Day 08: Trek from Dharapani to Chame (2670m.) which takes about five hours. As you cut through a narrow field from the village, the Dudh Khola, which originates from the south face of Manaslu, enters on the opposite bank. The Marsyangdi then veers to the left, and as Annapurna II becomes visible ahead, you arrive at Bagarchhap, a Bhote village with prayer flags fluttering in the breeze. Continuing to climb through forests of pine and oak, you pass through Dhanakyu before coming to a thundering waterfall. Further, the Marsyangdi Khola enters a gorge and the path consists of steep stone steps. Pausing for breath, you can look back for views of Manaslu. When the steep incline ends, you follow a path amid magnificent rhododendrons to Ratamron and then continue on a gently rising path, crossing a stream before entering a pine forest. You then cut across a loose hillside to the hamlet of Kotho from where you can look straight up at nearby Annapurna II - a sight convincing you that you are deep in the Himalayan mountains! From here the trail climbs through a fir and pine forest to Chame where there are government offices, shops, and hotels. Chame is the administrative headquarters for the Manang district.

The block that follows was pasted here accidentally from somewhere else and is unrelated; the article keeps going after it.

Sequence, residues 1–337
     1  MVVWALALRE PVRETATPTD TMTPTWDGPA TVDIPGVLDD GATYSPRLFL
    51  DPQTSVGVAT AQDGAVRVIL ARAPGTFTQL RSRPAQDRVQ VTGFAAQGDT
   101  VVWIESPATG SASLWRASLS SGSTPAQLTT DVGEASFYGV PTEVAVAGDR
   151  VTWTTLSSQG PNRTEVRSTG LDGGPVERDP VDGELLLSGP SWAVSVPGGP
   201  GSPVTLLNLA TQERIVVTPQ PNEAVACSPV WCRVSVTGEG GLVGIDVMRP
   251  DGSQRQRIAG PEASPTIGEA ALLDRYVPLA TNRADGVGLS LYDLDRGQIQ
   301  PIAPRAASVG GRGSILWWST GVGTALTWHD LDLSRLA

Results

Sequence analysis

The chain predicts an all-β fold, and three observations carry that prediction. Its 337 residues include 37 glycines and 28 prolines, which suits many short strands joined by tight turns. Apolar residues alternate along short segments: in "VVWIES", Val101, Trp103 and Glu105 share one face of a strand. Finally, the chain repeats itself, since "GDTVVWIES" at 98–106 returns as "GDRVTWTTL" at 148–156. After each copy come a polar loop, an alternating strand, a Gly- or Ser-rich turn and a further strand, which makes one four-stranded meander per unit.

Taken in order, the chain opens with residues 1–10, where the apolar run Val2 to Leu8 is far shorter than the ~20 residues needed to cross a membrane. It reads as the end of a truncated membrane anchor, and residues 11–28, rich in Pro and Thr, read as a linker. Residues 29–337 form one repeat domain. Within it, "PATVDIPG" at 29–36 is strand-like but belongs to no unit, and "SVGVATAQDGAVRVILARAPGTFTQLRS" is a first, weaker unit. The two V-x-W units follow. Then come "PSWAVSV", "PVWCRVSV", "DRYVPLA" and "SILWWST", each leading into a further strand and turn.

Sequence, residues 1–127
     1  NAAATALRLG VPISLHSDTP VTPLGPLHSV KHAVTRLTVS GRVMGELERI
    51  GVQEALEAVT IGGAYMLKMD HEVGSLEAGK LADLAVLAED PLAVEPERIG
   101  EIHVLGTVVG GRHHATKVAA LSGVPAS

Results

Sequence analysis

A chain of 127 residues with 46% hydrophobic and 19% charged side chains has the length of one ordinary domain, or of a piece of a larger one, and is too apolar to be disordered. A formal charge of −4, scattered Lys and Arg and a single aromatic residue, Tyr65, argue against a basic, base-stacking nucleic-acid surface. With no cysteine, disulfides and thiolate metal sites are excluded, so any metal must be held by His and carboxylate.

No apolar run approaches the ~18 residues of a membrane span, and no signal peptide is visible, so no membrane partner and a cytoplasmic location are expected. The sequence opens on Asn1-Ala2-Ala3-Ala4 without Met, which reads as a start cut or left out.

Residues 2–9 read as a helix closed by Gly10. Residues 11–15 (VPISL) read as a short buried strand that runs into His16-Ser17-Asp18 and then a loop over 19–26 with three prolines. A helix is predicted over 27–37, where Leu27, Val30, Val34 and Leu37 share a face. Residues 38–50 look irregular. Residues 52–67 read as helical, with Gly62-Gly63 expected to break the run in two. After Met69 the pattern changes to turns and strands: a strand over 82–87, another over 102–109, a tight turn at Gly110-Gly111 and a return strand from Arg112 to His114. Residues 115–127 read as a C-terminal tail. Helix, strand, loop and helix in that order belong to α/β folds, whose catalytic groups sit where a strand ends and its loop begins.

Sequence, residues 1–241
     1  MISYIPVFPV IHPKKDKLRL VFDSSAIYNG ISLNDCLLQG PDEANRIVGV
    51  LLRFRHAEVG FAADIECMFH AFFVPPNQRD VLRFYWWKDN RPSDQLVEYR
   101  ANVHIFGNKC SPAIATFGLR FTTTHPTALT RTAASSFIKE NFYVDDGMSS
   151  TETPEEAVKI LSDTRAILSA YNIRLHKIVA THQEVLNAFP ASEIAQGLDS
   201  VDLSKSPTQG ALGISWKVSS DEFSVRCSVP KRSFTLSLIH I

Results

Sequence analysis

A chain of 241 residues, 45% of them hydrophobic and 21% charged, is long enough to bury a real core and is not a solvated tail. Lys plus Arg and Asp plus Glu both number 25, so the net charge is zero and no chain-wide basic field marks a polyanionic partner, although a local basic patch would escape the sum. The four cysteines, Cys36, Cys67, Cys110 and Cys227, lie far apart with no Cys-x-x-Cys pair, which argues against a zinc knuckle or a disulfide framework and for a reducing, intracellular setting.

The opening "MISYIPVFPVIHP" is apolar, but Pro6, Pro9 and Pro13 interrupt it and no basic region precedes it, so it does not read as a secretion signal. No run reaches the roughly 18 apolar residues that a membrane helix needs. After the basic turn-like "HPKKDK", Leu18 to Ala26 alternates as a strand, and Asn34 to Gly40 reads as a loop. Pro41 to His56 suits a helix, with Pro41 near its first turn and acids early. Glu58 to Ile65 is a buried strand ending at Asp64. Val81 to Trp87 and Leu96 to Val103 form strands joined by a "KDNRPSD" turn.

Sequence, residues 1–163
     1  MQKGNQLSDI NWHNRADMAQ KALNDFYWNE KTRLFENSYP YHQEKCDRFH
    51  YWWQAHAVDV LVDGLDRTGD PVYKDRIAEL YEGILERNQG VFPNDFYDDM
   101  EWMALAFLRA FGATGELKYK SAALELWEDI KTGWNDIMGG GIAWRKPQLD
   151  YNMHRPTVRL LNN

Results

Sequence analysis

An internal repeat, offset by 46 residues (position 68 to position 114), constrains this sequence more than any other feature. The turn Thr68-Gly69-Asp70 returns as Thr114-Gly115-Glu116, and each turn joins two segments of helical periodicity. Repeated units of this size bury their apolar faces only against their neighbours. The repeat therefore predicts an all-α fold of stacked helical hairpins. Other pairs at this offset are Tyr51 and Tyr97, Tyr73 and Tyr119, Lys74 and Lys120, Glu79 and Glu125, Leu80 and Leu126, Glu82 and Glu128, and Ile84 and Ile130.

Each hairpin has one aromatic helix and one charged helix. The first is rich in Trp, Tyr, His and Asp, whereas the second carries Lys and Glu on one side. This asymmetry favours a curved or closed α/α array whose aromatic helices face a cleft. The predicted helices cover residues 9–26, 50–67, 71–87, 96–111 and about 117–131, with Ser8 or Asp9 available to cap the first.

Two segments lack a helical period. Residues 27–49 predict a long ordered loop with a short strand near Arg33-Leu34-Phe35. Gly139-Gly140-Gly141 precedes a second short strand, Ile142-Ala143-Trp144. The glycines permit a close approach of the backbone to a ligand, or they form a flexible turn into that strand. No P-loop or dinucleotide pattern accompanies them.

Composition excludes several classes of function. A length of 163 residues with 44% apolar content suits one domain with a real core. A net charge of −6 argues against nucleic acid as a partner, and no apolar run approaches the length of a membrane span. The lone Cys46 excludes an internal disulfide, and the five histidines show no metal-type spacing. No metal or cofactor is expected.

Day 09: Trek from Chame to Pisang (3155m.) and it takes about five hours.With Lamjung Himal [6893m] sparkling in the morning sun, you set off for Pisang. The mountain disappears as you climb the path up the valley, passing a huge apple orchard. You continue through a fir and pine forest, climbing to a high, rocky area as the opposite bank becomes an impassable cliff. From this point, the valley becomes extremely steep-sided as you follow the path to Bratang. In the past this was the military station for troops who fought against the Khampa tribal revolution, but the dilapidated buildings are all that remained of that era. A short climb from the village brings you to a rock-strewn area where you cross a wooden bridge and follow a high, winding path, before crossing back to the right bank again. You now walk through a pine forest and as the forest ends, the valley changes from a V-shape to a gentle U-shape, opening up a wonderful vista before you. You can see the east peak of Annapurna II as well as Pisang Peak to the north-east. Continuing on, you come to a long Mani wall by a bridge and the lower village of Pisang.